The cladogram (A) represents the retained scenario and the cladograms (B) and (C) possible but rejected alternatives. (A) The presence of supplementary apertures and compressed last chambers are synapomorphies of the genus. The last compressed chamber is lost in G. ruber and G. tenellus through neoteny and progenesis respectively. The pink coloration in G. rubescens and G. ruber ruber is a homoplasic character that appear independently during the evolution of the two species. (B) Alternative scenario where the pink coloration is a synapormophic character of the Globoturborotalita and Globigerinoides genus but lost in G. ruber albus n.subsp. and by the common ancestor of G. conglobatus, G. elongatus and G. tenellus. Although we cannot with certainty choose between the scenario (A) and (B) regarding the pink coloration because the character is not preserved in sediments before 750 ka [6], we prefer the scenario (A) due to its higher parsimony. (C) Alternative scenario where the last compressed chamber is not a synapomorphic character but acquired only in the monophylum G. conglobatus, G. elongatus and G. tenellus and lost by G. tenellus. We do not retain this scenario because Globigerinoides obliquus, the likely common ancestor of the modern species shows high compression in its last chamber [27].

Similar to previous studies [29,30] our results show that CT-scanning offers a promising avenue for ontogenetic analysis and resolve phylogenetic relationships among extinct species of planktonic foraminifera [104]. We recognize that we cannot draw firm conclusions from our analysis because of the limited amount of specimen analyzed, and stress the need for replicate analysis to confirm our results. Even though ontogenetic analysis may not explain what triggered the divergence and convergence of juvenile and adult morphologies, it could provide a viable explanation for the apparent disconnection between morphological and genetic divergence. Heterochrony is a process through which large changes in adult morphology could be achieved at genetically low cost [102], creating an impression of large change not matched by the degree of genetic kinship.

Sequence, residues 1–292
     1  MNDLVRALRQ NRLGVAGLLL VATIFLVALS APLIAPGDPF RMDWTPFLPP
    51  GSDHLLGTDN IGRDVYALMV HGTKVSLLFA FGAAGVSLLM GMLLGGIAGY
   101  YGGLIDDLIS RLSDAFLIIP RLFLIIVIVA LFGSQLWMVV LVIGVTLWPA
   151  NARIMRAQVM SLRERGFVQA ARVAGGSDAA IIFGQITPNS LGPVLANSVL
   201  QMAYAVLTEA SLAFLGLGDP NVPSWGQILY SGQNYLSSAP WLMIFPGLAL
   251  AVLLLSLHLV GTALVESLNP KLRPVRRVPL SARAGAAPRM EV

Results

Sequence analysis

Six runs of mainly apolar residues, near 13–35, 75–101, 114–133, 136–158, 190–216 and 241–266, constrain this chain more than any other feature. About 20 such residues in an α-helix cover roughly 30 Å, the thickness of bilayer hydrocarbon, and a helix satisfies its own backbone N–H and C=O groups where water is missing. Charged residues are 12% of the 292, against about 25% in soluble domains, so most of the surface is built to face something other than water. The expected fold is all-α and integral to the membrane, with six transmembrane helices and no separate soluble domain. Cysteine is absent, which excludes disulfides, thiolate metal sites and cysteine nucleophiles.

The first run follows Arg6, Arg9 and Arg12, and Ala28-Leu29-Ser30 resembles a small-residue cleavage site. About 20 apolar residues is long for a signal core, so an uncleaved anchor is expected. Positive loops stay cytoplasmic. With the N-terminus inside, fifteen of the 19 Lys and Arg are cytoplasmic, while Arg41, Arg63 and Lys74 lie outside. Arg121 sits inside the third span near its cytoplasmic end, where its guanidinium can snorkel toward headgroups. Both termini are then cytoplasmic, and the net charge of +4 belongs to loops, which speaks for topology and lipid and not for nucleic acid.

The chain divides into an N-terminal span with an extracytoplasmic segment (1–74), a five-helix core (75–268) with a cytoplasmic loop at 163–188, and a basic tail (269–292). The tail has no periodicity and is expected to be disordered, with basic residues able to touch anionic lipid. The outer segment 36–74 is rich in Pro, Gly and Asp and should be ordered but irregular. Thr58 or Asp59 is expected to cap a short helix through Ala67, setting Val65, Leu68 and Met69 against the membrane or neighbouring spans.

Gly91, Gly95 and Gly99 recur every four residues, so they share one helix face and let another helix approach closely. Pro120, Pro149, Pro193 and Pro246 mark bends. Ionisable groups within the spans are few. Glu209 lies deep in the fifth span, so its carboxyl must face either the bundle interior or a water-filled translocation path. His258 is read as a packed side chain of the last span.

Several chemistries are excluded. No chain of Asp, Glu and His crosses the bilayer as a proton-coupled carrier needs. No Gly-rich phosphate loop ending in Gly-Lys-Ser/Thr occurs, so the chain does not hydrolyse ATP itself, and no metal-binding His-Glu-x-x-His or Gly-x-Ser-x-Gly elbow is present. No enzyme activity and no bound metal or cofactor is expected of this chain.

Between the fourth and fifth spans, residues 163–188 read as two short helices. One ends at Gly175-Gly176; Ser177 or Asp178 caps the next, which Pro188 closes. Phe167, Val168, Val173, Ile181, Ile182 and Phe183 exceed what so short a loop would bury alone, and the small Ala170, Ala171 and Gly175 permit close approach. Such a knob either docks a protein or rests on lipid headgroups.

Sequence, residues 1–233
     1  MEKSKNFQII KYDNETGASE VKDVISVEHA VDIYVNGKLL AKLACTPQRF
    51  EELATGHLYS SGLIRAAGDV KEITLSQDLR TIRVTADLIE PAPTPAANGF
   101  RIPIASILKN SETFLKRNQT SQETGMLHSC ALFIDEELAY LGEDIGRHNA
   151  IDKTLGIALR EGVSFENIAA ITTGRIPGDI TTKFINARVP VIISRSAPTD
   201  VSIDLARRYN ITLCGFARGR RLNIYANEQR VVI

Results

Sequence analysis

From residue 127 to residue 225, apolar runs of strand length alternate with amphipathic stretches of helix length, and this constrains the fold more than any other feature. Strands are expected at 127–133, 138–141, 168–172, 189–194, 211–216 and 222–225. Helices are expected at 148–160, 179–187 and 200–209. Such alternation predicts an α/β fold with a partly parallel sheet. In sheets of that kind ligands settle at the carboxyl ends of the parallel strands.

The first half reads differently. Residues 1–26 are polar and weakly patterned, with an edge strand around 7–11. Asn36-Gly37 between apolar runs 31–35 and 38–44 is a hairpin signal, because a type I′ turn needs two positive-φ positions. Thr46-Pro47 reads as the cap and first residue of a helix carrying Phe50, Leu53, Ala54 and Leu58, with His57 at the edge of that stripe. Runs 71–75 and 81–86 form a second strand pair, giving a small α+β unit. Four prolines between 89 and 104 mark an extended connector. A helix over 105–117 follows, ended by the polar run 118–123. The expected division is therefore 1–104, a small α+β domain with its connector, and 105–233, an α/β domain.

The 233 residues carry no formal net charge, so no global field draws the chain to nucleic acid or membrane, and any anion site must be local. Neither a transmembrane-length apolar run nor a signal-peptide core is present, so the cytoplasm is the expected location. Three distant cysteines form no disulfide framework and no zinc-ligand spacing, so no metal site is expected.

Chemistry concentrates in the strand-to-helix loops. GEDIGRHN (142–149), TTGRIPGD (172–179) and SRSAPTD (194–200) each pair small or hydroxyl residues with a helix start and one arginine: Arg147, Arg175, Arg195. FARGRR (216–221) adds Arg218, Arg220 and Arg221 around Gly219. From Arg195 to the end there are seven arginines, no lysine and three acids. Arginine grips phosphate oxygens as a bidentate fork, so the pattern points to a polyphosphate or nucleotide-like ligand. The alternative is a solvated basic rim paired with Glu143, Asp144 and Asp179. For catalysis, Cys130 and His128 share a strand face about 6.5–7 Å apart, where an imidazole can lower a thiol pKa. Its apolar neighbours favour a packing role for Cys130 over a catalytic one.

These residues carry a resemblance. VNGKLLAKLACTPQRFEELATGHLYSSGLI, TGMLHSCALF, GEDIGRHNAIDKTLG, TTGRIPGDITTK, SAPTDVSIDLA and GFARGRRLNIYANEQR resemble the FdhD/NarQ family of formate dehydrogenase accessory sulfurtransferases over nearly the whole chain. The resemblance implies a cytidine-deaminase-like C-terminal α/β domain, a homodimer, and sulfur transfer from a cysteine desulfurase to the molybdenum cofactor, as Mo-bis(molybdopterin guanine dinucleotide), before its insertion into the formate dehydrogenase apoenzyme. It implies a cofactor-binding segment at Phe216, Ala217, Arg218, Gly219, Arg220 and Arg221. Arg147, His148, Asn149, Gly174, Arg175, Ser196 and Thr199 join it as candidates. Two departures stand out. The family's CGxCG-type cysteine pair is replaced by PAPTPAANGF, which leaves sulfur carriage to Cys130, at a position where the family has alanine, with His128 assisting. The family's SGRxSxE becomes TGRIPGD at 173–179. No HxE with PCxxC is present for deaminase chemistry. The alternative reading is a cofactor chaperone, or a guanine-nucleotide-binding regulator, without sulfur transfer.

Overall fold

Supporting information

S1 Fig. Light microscopy images of the specimen CA1261 identified as Globigerinoides tenellus and from which sequence match the type IIb of Aurahs et al [26,27].

(a) Umbilical (b) spiral (c) lateral views. The scale bar represents 100 μm.


S2 Fig. Light microscopy images of the holotype of (C319) and paratypes (C208, C281, C329) of G. ruber albus n.subsp.

The archiving museum numbers at the Naturalis Biodiversity Center, Leiden, The Netherlands are provided below the voucher of the specimens. The scale bar represents 100 μm.


S1 Table. Metadata and taxonomy of the Sanger sequences used in the study.


S2 Table. Taxonomic equivalence between the existing taxonomic nomenclatures proposed in the literature and our updated molecular taxonomy.


S3 Table. Volume, Cartesian coordinates and parameters of the Raup’s model measured on individual chambers of the five selected morphological species (Figs 9 and 10).



We thank all crew members and scientist for their help in the collection of planktonic foraminifera. We are thankful to Dr. Yurika Ujiié for her help collecting planktonic foraminifera and for producing genetic data, Dr. Barbara Donner for providing access to the sediment material to produce the CT-scans. We also thank Dr. Julie Meilland for imaging the specimen of G. tenellus and the holotype and paratypes of G. ruber albus n.subsp. Dr. Willem Renema and Dr. Martina de Freitas Prazeres are acknowledged for their help submitting the holotype and paratypes specimens to the Naturalis Biodiversity Center. We are thankful to Prof. Ralf Schiebel and two anonymous reviewers who provided constructive comments that helped us to improve the present manuscript.